Speakers aren’t going to be a big problem early on, so it’s okay to get cheap ones when you’re just learning your skills. They will be the frame the people view your art through, so eventually you will want to get a fantastic pair. Your DJ headphones should be the over-ear style. It’s ideal to get used to this style early because when you work a gig, the noise of the crowd, the music and people trying to speak with you as you work will be competing for your attention. You want to be able to block out that noise and concentrate on your mixing. After all, this will be your job. The controller is going to be your best friend and should likewise be bought new if possible. Our beginners DJ equipment guide could be of use here, as it goes into far more depth for equipment especially for beginning DJ’s.
How to Learn How to Work Your DJ Equipment
Getting started with DJ’ing is all about refining your skills and in order to do that, you have to be comfortable with the controls. Let’s begin with the controller. An all-in-one DJ controller (read this guide for some fantastic beginner picks) is probably one of the easiest on the budget, although they can range from about $100 to above $3500. A DJ controller and a vinyl deck are essentially the same as much as how they operate, the distinction being that the vinyl deck really uses records. You don’t need a $3500 controller off the bat, or everprobably. With a few hundred dollars you can get all you will need to get started mixing and recording songs. Nowadays, newer controllers come with a LAN connection that will let you connect to multiple devices at once, which unites with software to permit you to access loops you’ve created, share music between the devices and sync them up. Slip mode lets you loop or scratch audio over another tune and the jog dial (or wheel) will let you scratch and scrub the audio.
Now on to the mixer, a DJ mixer is similar to an air traffic controller. It’s responsible for taking in all ofthe inputs and directing the noise through the equalizer. You also don’t need a computer to conduct a CDJ mixer, which will come in handy if you choose to be a booth DJ. The downside is thatthey are expensive though, about $1000. It controls the volume and noise frequency levels for each device and passes that seem out to the speakers. All mixers have at leasttwo stations, but a club mixer has several. Each channel has a frequency control and fader which are ultimately controlled by a master output signal that controls everything. The headphones are the way you sync and prepare the next track before you extend the audience in greatness. Since only you can hear this output, it will provide you some time to troubleshoot, find your next recording and be sure everything is ready to go.
Ideas for How to Be a DJ
Becoming a DJ is really all about connections, relations to other DJ’s, the promoters, the audience and even yourself. Go out and watch other DJ’s work. Most don’t mind and a few will answer questions if they know you’re serious about the lifestyle. See how they use the equipment, alter the pace and interact with the audience. Watch their technique, every DJ has different controls and different ways they control them. Do not pull your phone out and try to film them though. It’s a business, and with someone film you at work then place that movie up on their website so that they can make money is a serious issue. Always ask first, and don’t be upset or challenge them if they say no (remember, it’s all about connections). Frequent the clubs which play the songs you love first.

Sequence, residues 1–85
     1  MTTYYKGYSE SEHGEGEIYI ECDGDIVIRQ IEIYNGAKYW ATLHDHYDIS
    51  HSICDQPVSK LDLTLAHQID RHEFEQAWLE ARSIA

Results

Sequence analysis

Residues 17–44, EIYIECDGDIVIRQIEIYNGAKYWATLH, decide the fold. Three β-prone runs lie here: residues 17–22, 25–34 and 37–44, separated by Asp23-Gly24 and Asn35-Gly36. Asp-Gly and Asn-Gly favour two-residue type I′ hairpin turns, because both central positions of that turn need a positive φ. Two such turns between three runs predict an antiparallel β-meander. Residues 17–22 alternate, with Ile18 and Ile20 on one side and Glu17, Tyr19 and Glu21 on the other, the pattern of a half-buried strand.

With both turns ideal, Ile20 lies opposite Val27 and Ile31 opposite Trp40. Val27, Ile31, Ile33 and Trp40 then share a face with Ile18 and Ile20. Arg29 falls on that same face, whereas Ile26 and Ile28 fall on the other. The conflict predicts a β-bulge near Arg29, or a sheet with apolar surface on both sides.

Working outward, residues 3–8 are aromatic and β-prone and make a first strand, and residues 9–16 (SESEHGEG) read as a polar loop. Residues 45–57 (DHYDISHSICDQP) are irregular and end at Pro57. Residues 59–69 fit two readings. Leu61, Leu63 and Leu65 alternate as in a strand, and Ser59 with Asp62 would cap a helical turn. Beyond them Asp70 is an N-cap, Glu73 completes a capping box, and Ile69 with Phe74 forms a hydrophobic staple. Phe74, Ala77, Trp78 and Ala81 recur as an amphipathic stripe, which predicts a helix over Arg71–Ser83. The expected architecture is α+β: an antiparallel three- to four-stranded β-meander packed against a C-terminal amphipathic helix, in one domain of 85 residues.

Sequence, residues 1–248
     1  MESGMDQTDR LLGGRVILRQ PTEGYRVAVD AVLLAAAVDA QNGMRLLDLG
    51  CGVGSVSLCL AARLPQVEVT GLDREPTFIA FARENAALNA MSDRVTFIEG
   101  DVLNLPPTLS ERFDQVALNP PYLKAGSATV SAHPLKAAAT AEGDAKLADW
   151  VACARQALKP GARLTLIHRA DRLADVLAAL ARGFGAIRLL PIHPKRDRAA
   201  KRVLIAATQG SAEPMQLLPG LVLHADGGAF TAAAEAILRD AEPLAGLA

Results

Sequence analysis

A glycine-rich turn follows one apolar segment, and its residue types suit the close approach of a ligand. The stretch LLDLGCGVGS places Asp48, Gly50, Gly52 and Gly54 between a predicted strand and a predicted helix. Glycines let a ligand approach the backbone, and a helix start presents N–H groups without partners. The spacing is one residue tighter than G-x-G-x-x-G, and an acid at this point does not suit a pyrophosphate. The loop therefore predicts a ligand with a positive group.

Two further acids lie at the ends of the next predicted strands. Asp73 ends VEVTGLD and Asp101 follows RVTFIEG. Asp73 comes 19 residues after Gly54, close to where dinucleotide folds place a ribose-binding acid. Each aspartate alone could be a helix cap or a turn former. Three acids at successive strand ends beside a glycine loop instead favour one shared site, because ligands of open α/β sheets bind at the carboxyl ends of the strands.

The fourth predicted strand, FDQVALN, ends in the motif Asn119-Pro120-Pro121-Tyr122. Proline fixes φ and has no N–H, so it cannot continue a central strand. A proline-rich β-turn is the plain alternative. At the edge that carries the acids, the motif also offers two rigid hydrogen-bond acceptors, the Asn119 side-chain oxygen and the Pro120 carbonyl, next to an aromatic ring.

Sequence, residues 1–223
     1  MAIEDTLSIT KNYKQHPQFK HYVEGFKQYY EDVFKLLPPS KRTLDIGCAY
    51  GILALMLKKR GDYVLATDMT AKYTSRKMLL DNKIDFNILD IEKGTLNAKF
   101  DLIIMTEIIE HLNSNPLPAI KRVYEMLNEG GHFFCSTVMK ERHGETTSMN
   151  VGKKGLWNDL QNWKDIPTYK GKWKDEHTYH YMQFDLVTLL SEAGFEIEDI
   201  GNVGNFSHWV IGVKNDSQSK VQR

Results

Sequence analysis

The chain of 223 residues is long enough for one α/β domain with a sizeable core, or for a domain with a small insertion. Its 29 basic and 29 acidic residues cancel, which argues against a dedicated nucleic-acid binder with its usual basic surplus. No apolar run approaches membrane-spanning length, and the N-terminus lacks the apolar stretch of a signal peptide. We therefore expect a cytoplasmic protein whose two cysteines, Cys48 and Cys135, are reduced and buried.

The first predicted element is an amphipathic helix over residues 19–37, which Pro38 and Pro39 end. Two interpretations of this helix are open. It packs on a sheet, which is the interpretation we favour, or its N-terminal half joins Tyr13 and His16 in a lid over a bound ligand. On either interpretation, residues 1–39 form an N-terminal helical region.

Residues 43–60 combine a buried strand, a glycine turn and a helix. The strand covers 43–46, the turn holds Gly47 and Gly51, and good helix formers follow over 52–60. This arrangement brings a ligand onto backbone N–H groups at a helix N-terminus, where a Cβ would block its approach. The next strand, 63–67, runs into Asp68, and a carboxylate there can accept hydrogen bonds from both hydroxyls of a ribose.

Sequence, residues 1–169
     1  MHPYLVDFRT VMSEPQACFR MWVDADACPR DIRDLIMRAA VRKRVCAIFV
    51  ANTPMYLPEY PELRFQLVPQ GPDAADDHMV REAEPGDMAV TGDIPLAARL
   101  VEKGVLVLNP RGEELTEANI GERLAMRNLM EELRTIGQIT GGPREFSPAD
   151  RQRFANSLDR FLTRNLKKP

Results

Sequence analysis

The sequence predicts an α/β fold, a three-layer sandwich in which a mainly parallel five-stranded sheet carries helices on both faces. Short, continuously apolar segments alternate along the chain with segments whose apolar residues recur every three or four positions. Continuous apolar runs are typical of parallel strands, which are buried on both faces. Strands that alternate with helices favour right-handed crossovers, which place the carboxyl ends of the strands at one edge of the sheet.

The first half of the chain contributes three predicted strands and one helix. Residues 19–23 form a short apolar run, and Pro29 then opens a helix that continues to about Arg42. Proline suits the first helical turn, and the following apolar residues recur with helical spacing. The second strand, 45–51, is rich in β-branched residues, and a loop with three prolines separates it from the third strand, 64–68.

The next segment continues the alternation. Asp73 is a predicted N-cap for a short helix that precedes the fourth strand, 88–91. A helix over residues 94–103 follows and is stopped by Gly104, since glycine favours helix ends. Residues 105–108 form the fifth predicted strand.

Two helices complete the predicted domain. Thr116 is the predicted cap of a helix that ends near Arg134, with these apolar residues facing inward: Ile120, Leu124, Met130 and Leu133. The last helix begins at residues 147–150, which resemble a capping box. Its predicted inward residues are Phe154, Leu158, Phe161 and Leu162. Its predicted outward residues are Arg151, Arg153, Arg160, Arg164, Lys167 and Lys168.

As your skills grow over time you can visit other clubs which play other songs you like so that you can diversify your options and make yourself more employable. Mingle with the crowd and get a feel for the atmosphere, pace of the songs and music they like. Most are professional, but beware because there are some shady ones out there also. Becoming a DJ means that you put on a lot of hats. Manager, promoter, technical adviser, social media manager, logistics manager and artist are just a few of the jobs you will have. Being prepared when you meet a promoter is quite important.
Be confident and prepared to over deliver. The audience is the canvas, your oxygen. It’s the reason you are there. Know your audience before your initial recording is synced up. They are already on your corner and they’ll be your support. Be in the life, show your face at the club. Promoters would like to know that you are in their club and you appreciate their audience.
Concluding Tips for Beginning to Be a DJ
The way to become a DJ is a difficult question to ask and is an arduous journey. It’ll be full of disappointing rejection and elating chances. We say opportunity because in the end, that’s really all you require. Getting lucky is also part of that. With so many DJ’s competing for just a few gigs, it’s an uphill climb. If it was easy, everybody would do it. Create a presence on social networking and create a following. Interact with them and let them get to know your personality and style. It’s a wonderful place to start.
Share your mixes on Facebook, Instagram, Snapchat as well as YouTube. Let your friends share and help create a buzz for you. If you work hard and develop your skills, you will enable your talent to really shine. Be genuine. You don’t need to need to maintain a facade for your whole career. People can usually spot a faker when they see one. Being yourself is the easiest way to live, and people gravitate towards the actual.